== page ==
Sudama and Krishna


One of the most famous stories in the Bhagavatha Purana is that of the friendship between Sudama, a poor Brahmin boy and Lord Krishna reiterating Krishna’s claim in the Bhagavad Gita that it is not riches or power or strength that is dear to the Lord. Only devotion is the link that binds him to the devotee. Sudama was said to have been the great sage Narada reborn as a poor man as he wished to enjoy the transcendental leelas of Lord Krishna who was Lord Vishnu reborn on earth.

The Story

Sudama was a poor Brahmin boy whose parents were Matuka and Rocana Devi. Sudama and Krishna along with Balarama were students in Guru Sandipani’s ashram which was said to be located near Ujjain in Madhya Pradesh. Once, Krishna and Balarama went to the forest to bring fuel for the hermitage.  Later the Guru’s wife sent Sudama also to help them and fearing it would take a long time she gave him some grains as food to be shared by the three of them. After some time Sudama met them in the forest but refrained from mentioning that he had some food for them. Krishna getting tired lay down to rest and soon fell into a light nap. As Balarama was away Sudama took out the grains and began eating them. Krishna woke up and asked him what he was crunching. Sudama informed him that his teeth were chattering because it was cold. But the omniscient Lord knew he was lying and it is said that it was due to this failure to share a few food grains that made him suffer in abject poverty in his later life.

Later Life

After their education they parted ways. Krishna married Rukmini, the Goddess of prosperity and became the King of Dwarka while Sudama married a poor Brahmin girl and led a simple and austere life. He and his wife had two children and the family faced a tough life with little food to eat and not many clothes to wear. Though Sudama’s wife was devoted to her husband she could not bear to see the children suffer. One cold night watching the children shivering without any blanket she approached her husband and requested him to go to his childhood friend Krishna and request him to alleviate their poverty. Reluctantly Sudama agreed though he informed her that he would go and meet Krishna but not ask him for anything. Overjoyed his wife agreed for she felt that even a visit to Lord Krishna would surely benefit her family.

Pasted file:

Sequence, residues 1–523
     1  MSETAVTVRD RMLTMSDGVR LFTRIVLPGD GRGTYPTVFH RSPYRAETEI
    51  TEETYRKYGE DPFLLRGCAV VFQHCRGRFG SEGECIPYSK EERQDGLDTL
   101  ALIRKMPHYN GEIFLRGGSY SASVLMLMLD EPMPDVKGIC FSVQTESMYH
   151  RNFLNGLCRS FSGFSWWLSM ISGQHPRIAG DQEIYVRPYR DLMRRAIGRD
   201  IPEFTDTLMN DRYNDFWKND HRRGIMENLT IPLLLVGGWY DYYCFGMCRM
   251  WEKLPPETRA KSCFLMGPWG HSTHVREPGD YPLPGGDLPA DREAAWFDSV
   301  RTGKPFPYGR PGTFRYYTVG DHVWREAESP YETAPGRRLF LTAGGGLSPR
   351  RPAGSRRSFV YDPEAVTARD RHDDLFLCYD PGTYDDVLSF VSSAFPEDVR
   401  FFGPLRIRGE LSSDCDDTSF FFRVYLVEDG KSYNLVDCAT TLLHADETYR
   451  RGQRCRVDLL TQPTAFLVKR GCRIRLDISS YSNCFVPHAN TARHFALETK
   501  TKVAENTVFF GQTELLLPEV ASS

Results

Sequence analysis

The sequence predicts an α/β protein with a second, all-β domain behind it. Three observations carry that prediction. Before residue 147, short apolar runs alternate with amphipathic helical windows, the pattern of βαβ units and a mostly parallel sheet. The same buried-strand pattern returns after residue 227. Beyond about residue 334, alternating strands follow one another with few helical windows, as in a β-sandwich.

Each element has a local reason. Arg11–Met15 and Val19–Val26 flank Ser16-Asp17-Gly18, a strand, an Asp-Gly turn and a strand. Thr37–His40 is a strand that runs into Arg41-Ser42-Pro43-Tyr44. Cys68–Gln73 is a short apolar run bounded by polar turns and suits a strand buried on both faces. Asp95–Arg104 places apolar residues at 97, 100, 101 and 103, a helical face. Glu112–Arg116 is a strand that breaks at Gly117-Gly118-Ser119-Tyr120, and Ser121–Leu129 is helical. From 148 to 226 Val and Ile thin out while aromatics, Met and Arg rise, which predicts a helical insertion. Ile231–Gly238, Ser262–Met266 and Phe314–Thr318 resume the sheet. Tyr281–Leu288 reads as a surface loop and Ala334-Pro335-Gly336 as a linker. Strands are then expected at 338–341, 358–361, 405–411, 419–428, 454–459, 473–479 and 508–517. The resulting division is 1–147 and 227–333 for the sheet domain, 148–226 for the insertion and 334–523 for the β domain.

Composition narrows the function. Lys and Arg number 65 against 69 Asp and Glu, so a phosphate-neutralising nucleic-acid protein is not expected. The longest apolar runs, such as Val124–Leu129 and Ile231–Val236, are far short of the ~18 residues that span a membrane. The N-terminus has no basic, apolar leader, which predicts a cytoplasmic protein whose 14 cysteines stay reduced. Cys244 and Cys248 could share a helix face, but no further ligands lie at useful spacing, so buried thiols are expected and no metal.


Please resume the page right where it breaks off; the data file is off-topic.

The Gift

Before Sudama’s departure he wondered how he would go to meet his childhood friend after such a long period empty handed. His wife then remembered that Krishna loved poha or flattened rice and rushing to her neighbour’s house she borrowed poha which she tied in a small bundle and handed it over to Sudama. Sudama then set out on his long journey to Dwaraka, the kingdom of Lord Krishna.

Krishna’s welcome

It is said that when Krishna heard that Sudama had come to meet him all the people in the palace were stunned to see Krishna rushing out to embrace a thin and poor Brahmin. Krishna and Rukmini then gave him a royal seat, bathed his tired legs with warm water and put sandalpaste on them. They offered him a royal meal and then began reminiscing about their life in the ashram of Guru Sandipani. When Krishna saw the bundle and lovingly asked what Sudama had brought for him Sudama was ashamed but Krishna lovingly took it from him saying that the richest of gifts given without love was useless in front of the poorest of gifts given with love.


Sudama’s silence

Watching Krishna eating his humble offering with relish Sudama was amazed. His eyes filled with tears and he could not bring himself to ask anything for his family.

Krishna’s compassion

Next morning after he had rested well and shared all his time with Krishna, Sudama left for his home. His mind was peaceful and his heart joyful at the brief contact with his dear friend Krishna. The long journey home seemed very short as he recollected the joyful reunion.

The Transformation

Coming close to his home he could not recognise the beautiful mansion nor his wife and children who were dressed in new clothes and jewellery waiting to welcome him. He immediately realised that it was the compassion and benevolence of the all seeing Lord who had granted his unspoken wishes. He and his family bowed to the omniscient Lord. Sudama continued to live an austere life in love and contemplation of the Lord for the rest of his life.


The story of Krishna and Sudama reflects the Sakhya bhava of Nava Vidha Bhakti or the nine forms of devotion.  It glorifies the relationship between the Lord and his devotee as being pure and unsullied, real and non materialistic irrespective of class, caste or gender. The stories in Indian mythology bring out the moral virtues of truth, devotion, honesty and contentment and are a beacon of hope and light for future generations as they encourage mankind to follow on the path of knowledge and self realisation.